Activists protest at local Department for Children and Families

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Local grandmother and other activists gathered in front of the Kansas Department for Children and Families this afternoon to fight for family preservation in Wichita. Multiple families claim they've had children thrown into the foster care system without allowing them to take custody of their relatives.

Juanita Ridge isn't afraid to let her voice be heard. She bravely picked up a megaphone and said, "you picked the wrong people's children to mess with. We love our children!"

She feels the Department for Children and Families did her an injustice after her grandchildren were taken away from their mother and put into foster care.

She said, "she was taken to jail. I was there so I should have been able to get the grandchildren. But they didn't even give me an opportunity to get my grandchildren."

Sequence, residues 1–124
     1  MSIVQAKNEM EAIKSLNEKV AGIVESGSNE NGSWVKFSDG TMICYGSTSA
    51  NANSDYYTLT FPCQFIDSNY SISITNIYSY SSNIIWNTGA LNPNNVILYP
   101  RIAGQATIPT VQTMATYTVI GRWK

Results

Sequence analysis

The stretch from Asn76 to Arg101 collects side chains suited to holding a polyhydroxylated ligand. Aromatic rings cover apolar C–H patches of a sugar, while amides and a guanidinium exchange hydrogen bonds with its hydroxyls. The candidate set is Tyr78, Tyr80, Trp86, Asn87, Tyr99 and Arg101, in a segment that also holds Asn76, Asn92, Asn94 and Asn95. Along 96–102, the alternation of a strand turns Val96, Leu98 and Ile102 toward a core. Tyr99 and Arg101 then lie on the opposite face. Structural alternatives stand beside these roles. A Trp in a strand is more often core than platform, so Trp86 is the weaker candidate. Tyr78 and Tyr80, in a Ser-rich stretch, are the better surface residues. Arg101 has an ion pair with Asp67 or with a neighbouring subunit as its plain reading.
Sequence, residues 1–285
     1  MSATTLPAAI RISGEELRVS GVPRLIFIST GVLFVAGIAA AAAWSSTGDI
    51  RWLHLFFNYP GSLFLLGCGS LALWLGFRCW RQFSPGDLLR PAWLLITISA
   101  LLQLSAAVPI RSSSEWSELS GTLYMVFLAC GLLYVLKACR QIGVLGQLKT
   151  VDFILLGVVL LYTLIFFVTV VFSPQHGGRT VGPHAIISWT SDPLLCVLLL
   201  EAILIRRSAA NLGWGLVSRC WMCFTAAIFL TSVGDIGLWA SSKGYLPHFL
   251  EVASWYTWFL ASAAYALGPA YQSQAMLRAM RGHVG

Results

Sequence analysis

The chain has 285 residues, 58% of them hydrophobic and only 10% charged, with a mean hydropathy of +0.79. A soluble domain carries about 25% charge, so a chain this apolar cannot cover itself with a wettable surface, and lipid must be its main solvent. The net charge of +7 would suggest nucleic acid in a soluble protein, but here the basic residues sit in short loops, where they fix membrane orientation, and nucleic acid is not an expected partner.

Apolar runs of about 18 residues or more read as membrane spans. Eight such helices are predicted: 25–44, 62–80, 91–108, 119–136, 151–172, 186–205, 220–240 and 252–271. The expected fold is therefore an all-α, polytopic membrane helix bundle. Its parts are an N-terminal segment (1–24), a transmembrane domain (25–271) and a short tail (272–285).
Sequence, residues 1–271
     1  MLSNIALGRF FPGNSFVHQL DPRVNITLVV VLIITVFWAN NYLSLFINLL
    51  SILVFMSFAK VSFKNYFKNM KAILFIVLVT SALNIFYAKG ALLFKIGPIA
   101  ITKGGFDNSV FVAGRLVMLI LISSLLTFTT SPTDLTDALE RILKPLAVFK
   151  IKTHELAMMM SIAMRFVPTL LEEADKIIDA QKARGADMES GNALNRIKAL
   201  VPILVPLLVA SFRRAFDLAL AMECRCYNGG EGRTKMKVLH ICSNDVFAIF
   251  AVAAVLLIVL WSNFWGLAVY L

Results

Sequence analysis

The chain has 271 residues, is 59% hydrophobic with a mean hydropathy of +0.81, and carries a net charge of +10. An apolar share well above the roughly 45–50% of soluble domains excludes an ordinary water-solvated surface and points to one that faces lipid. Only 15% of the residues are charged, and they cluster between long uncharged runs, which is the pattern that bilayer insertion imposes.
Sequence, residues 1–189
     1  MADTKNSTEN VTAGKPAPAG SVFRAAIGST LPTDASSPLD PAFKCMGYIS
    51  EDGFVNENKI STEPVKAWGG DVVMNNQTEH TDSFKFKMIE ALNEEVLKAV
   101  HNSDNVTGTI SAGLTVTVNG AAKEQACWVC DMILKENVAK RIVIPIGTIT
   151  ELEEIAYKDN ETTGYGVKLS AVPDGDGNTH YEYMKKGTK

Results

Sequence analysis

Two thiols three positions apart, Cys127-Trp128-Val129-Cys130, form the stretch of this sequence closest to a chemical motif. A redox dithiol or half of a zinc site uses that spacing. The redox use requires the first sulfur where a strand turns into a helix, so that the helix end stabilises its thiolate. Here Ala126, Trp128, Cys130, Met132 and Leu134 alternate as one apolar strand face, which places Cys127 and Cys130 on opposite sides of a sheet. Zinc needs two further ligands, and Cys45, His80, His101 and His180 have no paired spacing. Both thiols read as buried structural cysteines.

That's what brought Juanita and others to the local DCF office, with signs, to protest.

"We're bring attention, this is a catalyst to bring attention," said Senator Oletha Faust-Goudeau.

"DCF or someone with the state needs to start educating Wichita police officers what their supposed to do and what the policies and procedures are regarding these children that they come into contact with," said Wichita activist Mike Shatz.

DCF officials wouldn't comment on camera but released this statement:

"The Kansas Department for Children and Families takes seriously its responsibility to ensure the safety of children. It is always our top priority to keep children in their homes when it is safe to do so. When our trained social workers feel removal is appropriate, they work closely with law enforcement and the courts to make a recommendation of removal. The decision to remove a child ultimately rests with the court. Even after a child enters foster care, the goal is still reunification of the family. We are happy to walk alongside parents to provide the resources they need to maintain a healthy and safe home for their children."

Ridge hopes this protest can provoke changes within the DCF system.

"My hope is that Sedgwick County will begin to modify it's own policies," Ridge said. "That they follow their process to allow the grandparent who is readily available and capable."

According to DCF about 30% of children who are removed from their home are placed with relatives.

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